Our audio arts version of ‘The Masque of the Red Death’ is to be showcased in an umbrella event of the Melbourne Spoken Word Festival (Directed by Bennie Solah), presented as a podcast at the Words Out Loud website, released on July 30.


This is angling towards cross-disciplinary work I will be doing more of, but our lives in the arts are so tenuous, so to permanently borrow Lisa Hannett’s excellent concept of “failing quietly”, I won’t talk up specific projects until they are more than a wisp of a dream, but are funded or at some definitive point of assemblage or launch.

I’m working as research and production assistant for a few months, on a web series of music production tutorials presented by the awesomely talented producer and audio engineer Adam Calaitzis, so that’s a project to look out for at the Toyland Recording Studio website. The web series is being made with support from Creative Victoria.


2. What has been the best publishing or SF community experience of your career so far?

This is a light and fluffy question, and I’m not going to give you a light and fluffy answer.

I wish I could say winning an Aurealis Award was my best experience so far, but it seemed ill-conceived to attend the ceremony at Conflux in Canberra to receive it, as that would have placed me in unsafe proximity to someone who had publicly assaulted me at the previous Aurealis Awards after party in Sydney, where I was also attending as a nominee.

Take a minute and re-read that sentence.

Aurealis Awards nominations aren’t supposed to come with a bonus assault, right?

This somewhat took the shine off the Australian SF/publishing community in my estimation.

I could hold forth at length about gender politics in the arts, but our community is overstuffed with virtuosic soap-boxers (and so much of that is pure misdirection); what the community lacks is practical skills in venues, so I’m inclined to suggest the Australian SF/publishing community is in desperate need of Bystander Training.

If people at every level were to undertake Bystander Training, when someone experiences violence at a publishing or SF community event, as I did, that individual would not have to contend with it alone and unsupported, or indeed have bystanders compound the trauma by responding inappropriately.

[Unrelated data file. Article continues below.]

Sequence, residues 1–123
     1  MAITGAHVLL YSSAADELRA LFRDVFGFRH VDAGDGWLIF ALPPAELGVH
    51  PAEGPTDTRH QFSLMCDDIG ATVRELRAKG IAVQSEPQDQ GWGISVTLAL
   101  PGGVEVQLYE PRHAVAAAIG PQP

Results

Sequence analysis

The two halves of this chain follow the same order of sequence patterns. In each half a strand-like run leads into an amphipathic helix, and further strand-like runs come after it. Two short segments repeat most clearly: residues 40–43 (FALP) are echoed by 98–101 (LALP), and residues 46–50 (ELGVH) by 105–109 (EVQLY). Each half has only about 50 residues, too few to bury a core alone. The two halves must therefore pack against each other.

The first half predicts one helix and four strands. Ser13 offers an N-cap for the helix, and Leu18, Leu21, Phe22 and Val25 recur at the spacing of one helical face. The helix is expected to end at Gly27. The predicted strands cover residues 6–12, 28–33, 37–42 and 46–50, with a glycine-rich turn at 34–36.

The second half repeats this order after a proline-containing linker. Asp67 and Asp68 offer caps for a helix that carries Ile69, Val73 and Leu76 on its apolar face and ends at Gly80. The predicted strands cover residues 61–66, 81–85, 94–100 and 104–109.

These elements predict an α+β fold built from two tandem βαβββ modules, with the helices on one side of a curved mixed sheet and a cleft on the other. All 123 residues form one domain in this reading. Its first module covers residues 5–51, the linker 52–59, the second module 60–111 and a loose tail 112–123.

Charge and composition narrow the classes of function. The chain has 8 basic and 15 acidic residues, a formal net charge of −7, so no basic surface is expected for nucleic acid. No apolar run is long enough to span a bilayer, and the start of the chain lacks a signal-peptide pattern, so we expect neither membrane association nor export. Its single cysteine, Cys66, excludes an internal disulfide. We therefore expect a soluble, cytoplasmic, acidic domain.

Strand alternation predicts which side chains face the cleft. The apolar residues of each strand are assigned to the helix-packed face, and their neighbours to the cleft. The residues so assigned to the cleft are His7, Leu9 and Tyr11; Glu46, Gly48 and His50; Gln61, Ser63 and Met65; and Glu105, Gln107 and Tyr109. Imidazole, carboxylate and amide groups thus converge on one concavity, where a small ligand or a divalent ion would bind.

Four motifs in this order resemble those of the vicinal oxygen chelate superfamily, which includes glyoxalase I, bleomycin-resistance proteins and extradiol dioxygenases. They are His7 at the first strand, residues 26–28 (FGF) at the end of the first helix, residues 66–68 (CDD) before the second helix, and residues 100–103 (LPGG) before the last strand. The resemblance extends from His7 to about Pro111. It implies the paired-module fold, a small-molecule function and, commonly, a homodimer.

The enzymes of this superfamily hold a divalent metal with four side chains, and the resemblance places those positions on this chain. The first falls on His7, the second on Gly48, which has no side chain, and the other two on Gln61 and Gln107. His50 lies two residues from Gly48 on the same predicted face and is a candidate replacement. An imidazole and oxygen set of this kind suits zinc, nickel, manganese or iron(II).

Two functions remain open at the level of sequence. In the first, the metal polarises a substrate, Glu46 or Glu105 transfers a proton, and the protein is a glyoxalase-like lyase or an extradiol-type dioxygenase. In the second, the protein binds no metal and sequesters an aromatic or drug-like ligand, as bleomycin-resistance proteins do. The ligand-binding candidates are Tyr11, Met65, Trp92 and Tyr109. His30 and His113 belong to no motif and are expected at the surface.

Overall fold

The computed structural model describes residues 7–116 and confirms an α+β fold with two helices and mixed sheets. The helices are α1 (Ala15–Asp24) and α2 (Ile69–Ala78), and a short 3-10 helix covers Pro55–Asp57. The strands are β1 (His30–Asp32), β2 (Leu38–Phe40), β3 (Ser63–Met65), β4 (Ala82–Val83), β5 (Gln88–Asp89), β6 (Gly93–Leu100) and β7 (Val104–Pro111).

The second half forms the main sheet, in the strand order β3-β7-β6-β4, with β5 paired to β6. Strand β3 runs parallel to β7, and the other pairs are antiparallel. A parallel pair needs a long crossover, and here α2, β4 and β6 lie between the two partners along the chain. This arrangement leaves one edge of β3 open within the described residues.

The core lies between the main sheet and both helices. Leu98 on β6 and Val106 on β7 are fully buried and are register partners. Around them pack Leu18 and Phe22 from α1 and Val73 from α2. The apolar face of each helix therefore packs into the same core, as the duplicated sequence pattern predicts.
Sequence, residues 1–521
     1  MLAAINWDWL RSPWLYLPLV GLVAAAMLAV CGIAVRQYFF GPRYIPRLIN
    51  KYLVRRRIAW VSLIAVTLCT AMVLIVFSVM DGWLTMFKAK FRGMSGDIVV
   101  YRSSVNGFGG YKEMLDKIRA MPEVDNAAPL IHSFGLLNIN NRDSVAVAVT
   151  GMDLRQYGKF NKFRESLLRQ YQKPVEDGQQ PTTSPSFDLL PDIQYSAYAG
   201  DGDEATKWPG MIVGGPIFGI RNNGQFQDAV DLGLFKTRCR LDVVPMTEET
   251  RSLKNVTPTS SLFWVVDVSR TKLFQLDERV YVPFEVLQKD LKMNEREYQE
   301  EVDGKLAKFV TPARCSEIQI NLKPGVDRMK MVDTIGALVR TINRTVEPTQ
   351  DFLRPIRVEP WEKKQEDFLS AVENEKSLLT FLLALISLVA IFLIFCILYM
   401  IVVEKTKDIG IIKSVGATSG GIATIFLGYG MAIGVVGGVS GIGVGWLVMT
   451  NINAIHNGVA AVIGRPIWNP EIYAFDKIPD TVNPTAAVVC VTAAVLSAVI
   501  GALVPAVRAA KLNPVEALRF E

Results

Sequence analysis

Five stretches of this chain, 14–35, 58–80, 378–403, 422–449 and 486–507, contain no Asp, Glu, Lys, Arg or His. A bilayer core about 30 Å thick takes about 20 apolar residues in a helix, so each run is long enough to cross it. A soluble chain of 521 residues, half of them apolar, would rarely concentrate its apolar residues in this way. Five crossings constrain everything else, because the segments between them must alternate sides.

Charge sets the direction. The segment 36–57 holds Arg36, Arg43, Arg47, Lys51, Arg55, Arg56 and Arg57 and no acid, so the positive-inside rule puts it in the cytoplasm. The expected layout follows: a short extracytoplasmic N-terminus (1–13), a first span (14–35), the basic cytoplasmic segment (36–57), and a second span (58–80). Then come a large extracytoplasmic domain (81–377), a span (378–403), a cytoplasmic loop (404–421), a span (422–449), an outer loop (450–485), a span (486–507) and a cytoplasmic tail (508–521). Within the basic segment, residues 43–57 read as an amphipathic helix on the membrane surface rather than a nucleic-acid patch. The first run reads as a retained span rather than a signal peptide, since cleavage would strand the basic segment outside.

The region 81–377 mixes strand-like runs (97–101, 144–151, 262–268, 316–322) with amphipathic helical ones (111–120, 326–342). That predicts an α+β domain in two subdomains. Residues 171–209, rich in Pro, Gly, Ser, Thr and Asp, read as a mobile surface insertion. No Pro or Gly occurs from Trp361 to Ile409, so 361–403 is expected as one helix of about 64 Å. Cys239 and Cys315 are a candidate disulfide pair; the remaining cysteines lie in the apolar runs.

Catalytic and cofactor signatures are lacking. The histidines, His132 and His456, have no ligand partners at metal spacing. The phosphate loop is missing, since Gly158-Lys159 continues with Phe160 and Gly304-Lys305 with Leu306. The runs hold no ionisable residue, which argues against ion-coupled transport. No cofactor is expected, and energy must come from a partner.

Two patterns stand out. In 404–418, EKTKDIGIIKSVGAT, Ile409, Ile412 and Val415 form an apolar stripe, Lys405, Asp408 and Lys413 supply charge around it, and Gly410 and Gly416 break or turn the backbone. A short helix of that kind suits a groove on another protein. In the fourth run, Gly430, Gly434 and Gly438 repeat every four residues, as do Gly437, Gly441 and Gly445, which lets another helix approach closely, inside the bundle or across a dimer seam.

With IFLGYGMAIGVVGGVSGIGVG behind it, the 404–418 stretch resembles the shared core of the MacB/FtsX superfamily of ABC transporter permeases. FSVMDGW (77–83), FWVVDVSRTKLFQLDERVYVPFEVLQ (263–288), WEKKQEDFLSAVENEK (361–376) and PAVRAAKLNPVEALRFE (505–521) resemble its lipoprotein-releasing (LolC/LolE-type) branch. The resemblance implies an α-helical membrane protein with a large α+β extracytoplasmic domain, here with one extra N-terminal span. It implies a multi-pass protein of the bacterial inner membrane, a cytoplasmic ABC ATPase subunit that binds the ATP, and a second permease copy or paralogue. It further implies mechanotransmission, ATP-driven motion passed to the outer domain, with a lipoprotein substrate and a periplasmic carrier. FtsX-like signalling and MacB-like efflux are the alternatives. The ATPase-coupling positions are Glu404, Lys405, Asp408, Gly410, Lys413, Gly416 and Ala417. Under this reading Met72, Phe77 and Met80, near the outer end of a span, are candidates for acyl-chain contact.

For an example of what Bystander Training might look like, this is the Access All Areas training I will be undertaking in August, facilitated by the Victorian Music Development Office and delivered by CoHealth.


That I am gesturing to safety, equity and inclusion efforts in the music industry, and indicating SF publishing seems to be falling below that standard, should be a wake up call.

It only takes a few toxic encounters to burn out your enthusiasm for something so personal as writing – and I’m slowly and painfully addressing a #metoo shaped Apocalypse that extends beyond my SF activity – so I find the best experiences are maintaining professional boundaries, maintaining critical distance from events and social media, and quietly working…

There are other wonderful aspects of the Australian SF scene – I have made some amazing friends in the community – but I think flagging the Bystander Training here and now, as an urgent and achievable undertaking in our community in 2020, this is the timeliest answer I can give. It’s also a self-interested call to action! I want to be able to go to events in the future and discuss cool books and projects and ideas with my awesome creative peers who inspire me so much! I don’t want to have to draw up a risk assessment before buying a membership to Conflux or Continuum or whatever, because some creepy SF guy feels he has special entitlement to override the human rights of women, and our community is content to bumble along in Tardis merch pretending everything is fine. Bystander Training could make the community so much more fun and wholesome when we reach a true post-Covid-19 reality.

3. Which recent Australian/NZ work would you recommend to international fans interested in expanding their Antipodean spec fic knowledge?

If you have exhausted ‘The Year’s Best Australian Fantasy & Horror’ volumes one through six, and you wish to know my recommendations beyond that, that will require engaging me professionally as an editor, or reviewer, or broadcaster, or so on… (See above regarding professional boundaries.

You can find me online at www.taliehelene.com